3. Delilah Reply

    How much flexibility does this sleep pattern have? Does oversleeping on the weekends have a big impact on your sleep schedule or is it no big deal? And my core sleep is 1.30am – 7.30am, what should I do when I go to sleep later like around 3pm? Still wake up at 7.30 and do my 20 minute nap or wake up after 6 hours of sleep? Or should I wake up at 7.30 and nap for 90 minutes?

    • Hebince Reply

      Rule number one for polyphasic sleepers: don’t stray from the schedule. Especially if you’re in the adaptation period.

  4. Jonathan Austen Reply

    I always try to have a siesta and live in the UK.
    I nap for around 45 minutes. Not sure why this article says it must be either 20 minutes or 90 minutes, surely somewhere between the two, depending on what suits you? I fall into a proper sleep and wake up feeling refreshed, happier and ready for the rest of the day.

    • Duncan Gans Reply

      Actually, the article is pretty correct. If you take a nap longer than 30 minutes then you’ll likely fall into deep sleep. While not necessarily a bad thing, if you don’t fully finish your deep sleep period, then you’ll wake up and be more tired. However, ninety minutes is about the average sleep cycle, so by sleeping for ninety minutes you are getting deep sleep, but not waking up in the middle of deep sleep. 20 minute naps are ok to because you never go into deep sleep.

  5. Brian Reply

    For a 9 to 5 job, would siestas be too late at 5:30 like when we get home? I wake up just before 8 and it seems like napping should be done around 3. There’s nowhere to lie down at work it seems. Even when I get 5 hours, I can’t stay asleep for 20 minutes in my naps. I can probably get a fragmented 5 minutes in half hour. I have insomnia.

  6. Alec Reply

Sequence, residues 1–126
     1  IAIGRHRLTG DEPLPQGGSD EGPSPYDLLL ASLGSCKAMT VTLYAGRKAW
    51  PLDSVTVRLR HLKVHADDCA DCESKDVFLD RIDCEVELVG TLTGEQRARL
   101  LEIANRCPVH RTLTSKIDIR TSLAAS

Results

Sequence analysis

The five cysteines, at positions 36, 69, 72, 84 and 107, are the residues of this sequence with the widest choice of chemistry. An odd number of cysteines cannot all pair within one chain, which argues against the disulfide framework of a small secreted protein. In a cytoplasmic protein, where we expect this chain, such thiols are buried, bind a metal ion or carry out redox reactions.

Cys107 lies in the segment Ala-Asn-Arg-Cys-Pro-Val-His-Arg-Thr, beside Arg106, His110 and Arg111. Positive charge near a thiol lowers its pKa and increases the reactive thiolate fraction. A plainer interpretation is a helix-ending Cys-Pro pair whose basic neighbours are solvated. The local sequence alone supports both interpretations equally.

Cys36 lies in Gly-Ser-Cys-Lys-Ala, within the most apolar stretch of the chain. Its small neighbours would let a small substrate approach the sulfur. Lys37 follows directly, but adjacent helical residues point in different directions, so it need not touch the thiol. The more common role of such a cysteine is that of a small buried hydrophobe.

The twenty minutes and ninety minute calculations are for actually being asleep, correct? So if It takes me around 10 minutes to fall asleep, I should set an alarm for 100 minutes from when I begin to lay down, correct?

  7. Ildem Reply

    The thing I didn’t understand is why we should either take a nap for 20 and sleep 5.5 max or take a nap for 90 and sleep 6 max? Can’t I take a nap for 20 and sleep 6 hours? I’m kinda confused and I want to learn and use these information so I’d be glad if someone helps.

  8. Night owl Reply

    I do this all the time. I sleep 4-6hrs a night and take a nap for 30-90mins. I have been living like this for god knows how long no ill effects. actually it feels very natural.

  9. Mary LeLoo Reply

    I have been naturally biphasic most of my life if my schedule allows. Right now I sleep from 11:00pm to 5:00 am. Then I come home from work and nap from 3:00pm to 4:30pm. It works for me.

  10. Molly Reply

    Can I alter the time in between naps from what’s shown above? I.e., could I sleep for 6 hours, then have a 90-minute nap 8 or 9 hours later? I’m in school, and I’m trying to account for the fact that I need time in the morning to get ready, then spend six hours in actual classes, and often stay late by about an hour or so for clubs.
    Basically, could I go to sleep at 1 AM, wake up at 7 AM, and nap from 4-5:30 PM?

  11. Chad Garber Reply

    The minimum is 20 while the maximum should be 90, anything in between depending on the person is acceptable if you’ve read this article correctly. The 3.5-6 hour core should have some weight on judging your nap later, but you do what feels best to you, and should take time to discover what works best. I feel a 4.5 hour core with a 30min nap later is more than enough for what I do. Currently, I’m switching back to siesta again, and remember what worked best for me the first time around. Remember, these aren’t exact requirements, but a guide as to how it best works keeping in mind that everyone is different. Play with it, see how little hours you need to sleep at first, increase your nap time if you have a short core time, and visa versa. Sometimes people sleep 4 hours with a 20min nap and it’s more than enough or 6 hours and 1.5 nap. In short, find what works best for you, and go from there.